John H. Hicks, hired in 1949 as the St. Louis Post-Dispatch’s first black reporter, already had at that early career stage another future mark of distinction. As a member of the band at East St. Louis Lincoln High School, where he had played tuba, he got to jam with a guy on trumpet named Miles Davis.
Hicks, 85, died earlier this month in Washington, D.C., where he had retired. His death follows the passing last November of one of his sons, Jonathan P. Hicks, who was for many years a reporter with The New York Times covering business and politics. From today’s obituary:
In 1993, Hicks was inducted into the Greater St. Louis Association of Black Journalists Hall of Fame. In a column written by Greg Freeman, Mr. Hicks recalled enrolling as a pre-journalism student at the University of Illinois. One friend jokingly asked him, “What are you going to do with a journalism degree? Work at the Post-Dispatch?”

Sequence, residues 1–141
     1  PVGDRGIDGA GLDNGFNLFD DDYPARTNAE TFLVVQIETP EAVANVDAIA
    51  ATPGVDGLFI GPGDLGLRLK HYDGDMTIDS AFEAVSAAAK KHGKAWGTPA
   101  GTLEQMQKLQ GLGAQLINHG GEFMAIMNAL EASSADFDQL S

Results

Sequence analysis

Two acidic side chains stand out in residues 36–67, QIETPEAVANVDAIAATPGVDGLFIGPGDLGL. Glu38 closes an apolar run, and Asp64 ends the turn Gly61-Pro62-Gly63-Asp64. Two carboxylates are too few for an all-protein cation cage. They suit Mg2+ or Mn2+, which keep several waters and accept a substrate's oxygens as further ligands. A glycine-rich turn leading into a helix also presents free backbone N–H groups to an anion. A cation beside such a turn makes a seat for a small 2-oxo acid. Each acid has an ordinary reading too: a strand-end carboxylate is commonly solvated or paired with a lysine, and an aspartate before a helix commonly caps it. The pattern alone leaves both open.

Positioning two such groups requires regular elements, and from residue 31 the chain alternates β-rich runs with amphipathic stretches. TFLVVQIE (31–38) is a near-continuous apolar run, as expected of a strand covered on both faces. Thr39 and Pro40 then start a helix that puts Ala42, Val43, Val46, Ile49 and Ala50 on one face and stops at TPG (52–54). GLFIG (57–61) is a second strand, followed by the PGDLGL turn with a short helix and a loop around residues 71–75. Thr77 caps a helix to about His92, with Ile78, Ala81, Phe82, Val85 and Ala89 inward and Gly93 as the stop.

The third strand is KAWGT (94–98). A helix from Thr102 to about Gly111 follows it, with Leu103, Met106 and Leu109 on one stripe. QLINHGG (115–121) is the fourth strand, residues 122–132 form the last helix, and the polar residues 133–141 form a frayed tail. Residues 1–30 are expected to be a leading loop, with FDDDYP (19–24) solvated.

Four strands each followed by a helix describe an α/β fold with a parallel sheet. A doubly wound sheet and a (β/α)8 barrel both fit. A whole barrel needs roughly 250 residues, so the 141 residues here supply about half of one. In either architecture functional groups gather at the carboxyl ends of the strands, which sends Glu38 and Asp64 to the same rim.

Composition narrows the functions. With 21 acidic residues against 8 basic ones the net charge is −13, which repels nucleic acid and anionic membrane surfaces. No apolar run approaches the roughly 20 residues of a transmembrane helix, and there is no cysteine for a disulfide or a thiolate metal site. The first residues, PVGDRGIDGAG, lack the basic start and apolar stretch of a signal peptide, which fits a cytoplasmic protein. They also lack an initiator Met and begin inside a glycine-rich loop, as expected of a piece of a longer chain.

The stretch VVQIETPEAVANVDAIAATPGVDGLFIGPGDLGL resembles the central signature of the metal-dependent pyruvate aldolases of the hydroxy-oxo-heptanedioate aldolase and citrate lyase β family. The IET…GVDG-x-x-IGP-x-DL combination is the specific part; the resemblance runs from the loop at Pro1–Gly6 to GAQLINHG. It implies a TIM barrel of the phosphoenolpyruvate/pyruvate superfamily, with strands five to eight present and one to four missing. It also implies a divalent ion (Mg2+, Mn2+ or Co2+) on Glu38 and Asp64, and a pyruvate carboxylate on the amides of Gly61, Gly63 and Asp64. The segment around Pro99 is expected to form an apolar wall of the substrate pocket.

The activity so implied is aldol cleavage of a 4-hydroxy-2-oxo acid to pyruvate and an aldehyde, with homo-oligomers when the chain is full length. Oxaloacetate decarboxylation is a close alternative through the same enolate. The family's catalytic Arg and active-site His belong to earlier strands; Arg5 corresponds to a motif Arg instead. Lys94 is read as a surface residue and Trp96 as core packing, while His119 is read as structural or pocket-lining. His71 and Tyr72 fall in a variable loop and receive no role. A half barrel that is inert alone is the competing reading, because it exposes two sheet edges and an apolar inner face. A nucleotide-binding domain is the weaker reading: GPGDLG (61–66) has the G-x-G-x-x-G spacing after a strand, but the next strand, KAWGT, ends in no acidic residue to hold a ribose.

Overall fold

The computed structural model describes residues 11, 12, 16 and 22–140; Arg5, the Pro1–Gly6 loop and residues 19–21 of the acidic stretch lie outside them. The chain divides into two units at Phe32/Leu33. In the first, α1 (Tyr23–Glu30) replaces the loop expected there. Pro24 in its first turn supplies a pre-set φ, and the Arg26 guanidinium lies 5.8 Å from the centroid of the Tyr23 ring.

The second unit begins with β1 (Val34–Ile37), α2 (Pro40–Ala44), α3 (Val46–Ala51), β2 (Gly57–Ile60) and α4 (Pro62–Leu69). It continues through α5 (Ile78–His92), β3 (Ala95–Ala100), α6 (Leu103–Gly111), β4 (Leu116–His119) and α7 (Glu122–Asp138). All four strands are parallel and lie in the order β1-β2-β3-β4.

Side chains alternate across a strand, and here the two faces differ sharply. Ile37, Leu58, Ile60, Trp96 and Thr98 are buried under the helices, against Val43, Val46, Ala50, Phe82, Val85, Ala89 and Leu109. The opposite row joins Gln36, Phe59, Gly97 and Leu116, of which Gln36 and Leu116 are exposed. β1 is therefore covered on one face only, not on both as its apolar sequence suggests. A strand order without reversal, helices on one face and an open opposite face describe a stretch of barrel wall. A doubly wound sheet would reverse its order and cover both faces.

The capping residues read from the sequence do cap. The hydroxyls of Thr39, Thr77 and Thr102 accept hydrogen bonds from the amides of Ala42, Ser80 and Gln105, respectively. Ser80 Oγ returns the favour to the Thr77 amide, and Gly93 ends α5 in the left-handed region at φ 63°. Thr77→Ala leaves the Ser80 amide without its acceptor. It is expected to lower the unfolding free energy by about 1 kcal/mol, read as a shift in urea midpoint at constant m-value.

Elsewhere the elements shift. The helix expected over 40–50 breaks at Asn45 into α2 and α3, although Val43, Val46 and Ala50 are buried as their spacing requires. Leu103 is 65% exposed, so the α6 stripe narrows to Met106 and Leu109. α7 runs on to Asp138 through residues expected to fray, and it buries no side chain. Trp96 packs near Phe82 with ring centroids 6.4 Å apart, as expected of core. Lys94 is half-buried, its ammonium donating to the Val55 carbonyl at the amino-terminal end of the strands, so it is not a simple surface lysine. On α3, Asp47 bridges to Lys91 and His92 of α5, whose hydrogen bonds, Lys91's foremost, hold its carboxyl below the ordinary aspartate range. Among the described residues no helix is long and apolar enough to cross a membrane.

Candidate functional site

As the Freeman column also reminded, Hicks joined the St. Louis paper at a time when ‘the number of black reporters at white-owned daily papers could be counted on two hands.’ Hicks left the Post-Dispatch in 1961 to work for the U.S Information Agency and later held State Department postings in Europe, Africa and Washington. RIP.